- Cdm Coordinator:Turner & Townsend
- Approved Building Inspector:JHAI
- Main Contractor:Roundhouse Beard Pods: CD
- Gross Internal Floor Area:individual pods 26sqm each. 1,612sqm for all the pods combined. Exact GIA for the roundhouse unknown.
- Gross (Internal + External) Floor Area:(both gross external) 1,060sqm for the roundhouse. 200sqm roof terrace. Pods, 32sqm each.
- Country:United Kingdom
Text description provided by the architects. WilkinsonEyre has completed an undergraduate village for the Dyson Institute of Engineering and Technology. The landscaped village of timber modular-housing pods, with communal amenities and a central social and learning hub, is based within the Dyson Malmesbury Campus in Wiltshire. As well as establishing a new typology in student accommodation, the project breaks ground in the design, masterplanning and precision engineering of truly modular prefabricated building technologies for rapid construction.
Dyson Institute of Engineering and Technology is a new model of learning that integrates a higher education campus into the context of commercial industry, research and development. The village is where a new generation of engineering students will live while they work alongside the Dyson Global Engineering Team and study for an engineering degree. The pioneering approach to materials and construction, and fresh thinking on student wellbeing echoes the ethos of innovation that runs throughout the campus.
The village is designed to accommodate up to 50 Dyson Institute of Engineering and Technology students plus visiting Dyson staff. The high-quality living pods are fabricated from cross-laminate timber (CLT) in a factory for rapid on-site assembly. The pods are arranged in units, two to three-stories high, to create a welcoming social space and an appealing addition to the campus alongside the larger industrial buildings.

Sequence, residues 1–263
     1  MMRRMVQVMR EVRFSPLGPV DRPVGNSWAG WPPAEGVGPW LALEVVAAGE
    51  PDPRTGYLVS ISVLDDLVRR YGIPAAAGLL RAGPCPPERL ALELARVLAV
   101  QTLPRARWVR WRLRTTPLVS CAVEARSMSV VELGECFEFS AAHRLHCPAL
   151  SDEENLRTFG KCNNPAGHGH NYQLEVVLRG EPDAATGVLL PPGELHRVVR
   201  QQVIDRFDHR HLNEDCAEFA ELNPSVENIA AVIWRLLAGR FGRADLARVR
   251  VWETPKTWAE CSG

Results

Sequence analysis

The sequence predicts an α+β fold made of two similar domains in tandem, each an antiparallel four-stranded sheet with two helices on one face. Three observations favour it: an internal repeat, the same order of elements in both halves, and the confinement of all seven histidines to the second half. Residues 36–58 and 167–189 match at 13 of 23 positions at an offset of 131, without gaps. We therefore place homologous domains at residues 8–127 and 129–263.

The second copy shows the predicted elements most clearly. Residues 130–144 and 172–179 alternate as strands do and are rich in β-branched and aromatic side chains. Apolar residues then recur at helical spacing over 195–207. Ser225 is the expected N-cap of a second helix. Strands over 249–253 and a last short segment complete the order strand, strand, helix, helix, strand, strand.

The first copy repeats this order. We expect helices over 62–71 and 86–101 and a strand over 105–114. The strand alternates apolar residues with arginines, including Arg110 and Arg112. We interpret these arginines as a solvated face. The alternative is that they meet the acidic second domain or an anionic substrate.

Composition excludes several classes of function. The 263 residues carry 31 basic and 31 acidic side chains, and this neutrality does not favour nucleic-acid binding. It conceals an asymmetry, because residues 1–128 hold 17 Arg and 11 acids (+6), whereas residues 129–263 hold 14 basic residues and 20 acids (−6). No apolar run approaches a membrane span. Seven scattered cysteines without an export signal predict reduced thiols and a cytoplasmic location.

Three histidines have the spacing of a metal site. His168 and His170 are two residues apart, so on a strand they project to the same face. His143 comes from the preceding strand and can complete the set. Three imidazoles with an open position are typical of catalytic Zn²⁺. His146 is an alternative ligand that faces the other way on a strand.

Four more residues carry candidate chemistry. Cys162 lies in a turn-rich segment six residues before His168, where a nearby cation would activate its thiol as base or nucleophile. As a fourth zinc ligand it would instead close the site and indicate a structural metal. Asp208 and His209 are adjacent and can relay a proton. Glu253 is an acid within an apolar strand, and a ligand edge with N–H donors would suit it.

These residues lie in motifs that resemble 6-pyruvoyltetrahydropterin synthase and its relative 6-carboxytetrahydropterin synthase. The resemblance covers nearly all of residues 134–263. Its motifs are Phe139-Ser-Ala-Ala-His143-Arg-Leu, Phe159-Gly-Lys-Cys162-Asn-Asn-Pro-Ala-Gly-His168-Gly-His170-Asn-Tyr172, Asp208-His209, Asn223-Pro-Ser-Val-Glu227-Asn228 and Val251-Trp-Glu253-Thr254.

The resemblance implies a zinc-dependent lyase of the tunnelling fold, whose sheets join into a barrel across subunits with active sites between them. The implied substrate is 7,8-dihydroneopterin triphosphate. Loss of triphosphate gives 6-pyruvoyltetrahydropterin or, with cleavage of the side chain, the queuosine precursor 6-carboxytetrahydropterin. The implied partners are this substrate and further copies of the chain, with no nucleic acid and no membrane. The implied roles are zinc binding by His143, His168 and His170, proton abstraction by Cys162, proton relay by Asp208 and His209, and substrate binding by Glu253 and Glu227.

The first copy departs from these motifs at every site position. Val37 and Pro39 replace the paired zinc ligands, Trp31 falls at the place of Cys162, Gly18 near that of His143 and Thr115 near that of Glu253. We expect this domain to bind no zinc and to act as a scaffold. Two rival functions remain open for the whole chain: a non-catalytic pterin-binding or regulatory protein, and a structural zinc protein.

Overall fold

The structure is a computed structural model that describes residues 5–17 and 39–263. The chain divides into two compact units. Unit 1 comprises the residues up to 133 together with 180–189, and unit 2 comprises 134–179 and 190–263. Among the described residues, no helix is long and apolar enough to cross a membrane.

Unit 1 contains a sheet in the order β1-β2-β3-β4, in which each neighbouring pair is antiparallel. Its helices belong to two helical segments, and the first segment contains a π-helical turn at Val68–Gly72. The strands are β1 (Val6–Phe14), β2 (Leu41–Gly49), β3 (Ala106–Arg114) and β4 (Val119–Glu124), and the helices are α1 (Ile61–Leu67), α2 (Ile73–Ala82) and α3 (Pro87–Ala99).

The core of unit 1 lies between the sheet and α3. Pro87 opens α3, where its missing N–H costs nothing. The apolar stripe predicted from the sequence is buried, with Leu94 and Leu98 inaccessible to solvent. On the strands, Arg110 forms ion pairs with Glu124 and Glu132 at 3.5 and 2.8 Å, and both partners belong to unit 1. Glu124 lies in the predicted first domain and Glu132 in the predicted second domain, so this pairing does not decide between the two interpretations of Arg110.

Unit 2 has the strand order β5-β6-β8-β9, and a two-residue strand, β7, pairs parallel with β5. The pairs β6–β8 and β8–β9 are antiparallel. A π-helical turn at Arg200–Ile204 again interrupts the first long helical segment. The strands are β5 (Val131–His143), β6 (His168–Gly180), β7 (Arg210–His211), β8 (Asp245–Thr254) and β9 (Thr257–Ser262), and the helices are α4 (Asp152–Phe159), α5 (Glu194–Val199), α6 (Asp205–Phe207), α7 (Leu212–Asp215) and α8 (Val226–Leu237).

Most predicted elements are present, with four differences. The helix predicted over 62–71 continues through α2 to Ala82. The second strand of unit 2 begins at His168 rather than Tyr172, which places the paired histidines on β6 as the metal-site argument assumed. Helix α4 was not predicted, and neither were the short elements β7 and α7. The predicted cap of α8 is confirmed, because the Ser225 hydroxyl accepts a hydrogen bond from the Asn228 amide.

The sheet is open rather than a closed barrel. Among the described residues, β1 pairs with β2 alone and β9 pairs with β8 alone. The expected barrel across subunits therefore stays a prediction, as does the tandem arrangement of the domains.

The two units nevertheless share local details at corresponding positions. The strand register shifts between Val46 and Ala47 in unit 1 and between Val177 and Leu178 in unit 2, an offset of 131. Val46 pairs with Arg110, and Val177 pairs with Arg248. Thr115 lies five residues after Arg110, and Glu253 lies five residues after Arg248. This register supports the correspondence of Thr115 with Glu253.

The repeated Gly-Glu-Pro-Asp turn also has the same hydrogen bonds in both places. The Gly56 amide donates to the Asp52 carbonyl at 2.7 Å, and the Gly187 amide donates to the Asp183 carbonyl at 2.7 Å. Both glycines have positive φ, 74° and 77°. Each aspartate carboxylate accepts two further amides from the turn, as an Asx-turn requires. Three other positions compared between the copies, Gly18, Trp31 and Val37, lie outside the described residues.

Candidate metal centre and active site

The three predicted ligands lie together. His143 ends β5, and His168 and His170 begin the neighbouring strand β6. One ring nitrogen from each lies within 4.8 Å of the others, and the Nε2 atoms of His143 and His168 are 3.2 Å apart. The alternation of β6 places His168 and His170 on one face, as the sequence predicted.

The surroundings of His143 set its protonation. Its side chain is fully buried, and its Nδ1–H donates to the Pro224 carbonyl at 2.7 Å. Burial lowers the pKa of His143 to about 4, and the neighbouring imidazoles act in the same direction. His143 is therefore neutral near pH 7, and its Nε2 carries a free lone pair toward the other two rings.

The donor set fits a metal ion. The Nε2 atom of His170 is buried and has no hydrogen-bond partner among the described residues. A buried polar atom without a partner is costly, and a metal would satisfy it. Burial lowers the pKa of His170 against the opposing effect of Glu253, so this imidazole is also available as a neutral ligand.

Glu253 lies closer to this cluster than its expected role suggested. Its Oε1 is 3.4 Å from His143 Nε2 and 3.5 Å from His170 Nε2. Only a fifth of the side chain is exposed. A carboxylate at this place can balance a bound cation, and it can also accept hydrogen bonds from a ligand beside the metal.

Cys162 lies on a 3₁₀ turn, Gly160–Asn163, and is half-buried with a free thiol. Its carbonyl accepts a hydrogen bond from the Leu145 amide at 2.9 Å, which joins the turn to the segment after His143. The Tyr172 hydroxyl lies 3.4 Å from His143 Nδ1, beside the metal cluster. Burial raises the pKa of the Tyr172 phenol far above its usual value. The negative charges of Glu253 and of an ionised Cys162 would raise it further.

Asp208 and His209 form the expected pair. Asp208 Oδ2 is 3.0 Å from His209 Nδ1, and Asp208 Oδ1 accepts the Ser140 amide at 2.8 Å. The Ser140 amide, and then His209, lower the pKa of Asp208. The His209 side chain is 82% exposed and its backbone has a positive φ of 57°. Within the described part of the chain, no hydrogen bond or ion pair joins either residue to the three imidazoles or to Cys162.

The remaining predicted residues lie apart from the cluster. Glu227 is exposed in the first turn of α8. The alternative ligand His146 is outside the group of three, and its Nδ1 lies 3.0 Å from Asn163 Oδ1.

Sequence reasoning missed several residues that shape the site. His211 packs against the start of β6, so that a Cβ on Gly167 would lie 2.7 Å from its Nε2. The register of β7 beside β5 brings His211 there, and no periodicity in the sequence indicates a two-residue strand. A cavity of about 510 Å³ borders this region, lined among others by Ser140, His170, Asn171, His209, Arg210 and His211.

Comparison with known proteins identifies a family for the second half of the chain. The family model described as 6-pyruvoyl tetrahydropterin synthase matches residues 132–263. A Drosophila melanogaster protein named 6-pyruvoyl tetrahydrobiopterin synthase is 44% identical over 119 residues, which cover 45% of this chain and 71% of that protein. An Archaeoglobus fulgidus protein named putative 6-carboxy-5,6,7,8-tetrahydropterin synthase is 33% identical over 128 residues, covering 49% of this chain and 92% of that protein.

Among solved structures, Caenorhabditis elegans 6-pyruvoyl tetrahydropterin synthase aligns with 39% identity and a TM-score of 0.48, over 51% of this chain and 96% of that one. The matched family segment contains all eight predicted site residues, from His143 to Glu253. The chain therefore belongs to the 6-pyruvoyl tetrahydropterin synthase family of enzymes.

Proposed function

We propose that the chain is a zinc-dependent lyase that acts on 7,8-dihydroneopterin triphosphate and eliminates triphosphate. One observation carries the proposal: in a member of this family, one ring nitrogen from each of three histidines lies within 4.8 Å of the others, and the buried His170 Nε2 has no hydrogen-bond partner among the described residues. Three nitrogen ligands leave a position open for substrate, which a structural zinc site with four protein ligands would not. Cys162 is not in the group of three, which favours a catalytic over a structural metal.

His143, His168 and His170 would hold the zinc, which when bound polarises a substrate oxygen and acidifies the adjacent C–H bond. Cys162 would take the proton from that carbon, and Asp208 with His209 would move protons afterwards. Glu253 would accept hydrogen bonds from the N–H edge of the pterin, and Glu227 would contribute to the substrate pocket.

Certain clusters involve some pods cantilevered by up to three metres, pushing the structural properties of CLT. The pods are also designed to harness CLT’s thermal massing, and provide high quality and energy efficient living spaces. In terms of aesthetics, the timber has been left exposed through the pods’ internal spaces, including the kitchens and bathrooms, to create warm and natural living environments throughout.
With wellbeing as a prime design consideration, each pod has been designed with natural ventilation and large, triple-glazed windows, individually angled to give each resident an expansive view across the campus. The pods are clad externally with aluminium rainscreen panels, and depending on their position within each unit, given sedum-covered roofs.
Measuring 8m x 4m, each pod has open-plan accommodation comprising an entrance zone with an adjacent shower and toilet, a central bedroom area and a work/living space, positioned to optimise the generous levels of natural light. The pods were manufactured off-site and each unit was delivered to site fully fitted, with bespoke furniture and built-in storage, before being craned into position.
The pods are arranged in a variety of cluster configurations, within a crescent-shaped site, following the curve of a surrounding landscaped embankment. Each cluster consists of up to six units, including a shared kitchen and laundry space at mid entry level, and an entry area with reception and storage. To create the feel of a student village, each pod has its own front door, with lower pods opening onto landscaped garden, and higher ones accessed by paths on curved earth ramps and stairs to the upper level.
The dynamic variety of configurations lends an informal, residential character to the village. Green spaces and pathways determine user movement through the village and mediate connections between the residential accommodation and the communal clubhouse, named the Roundhouse, at the centre.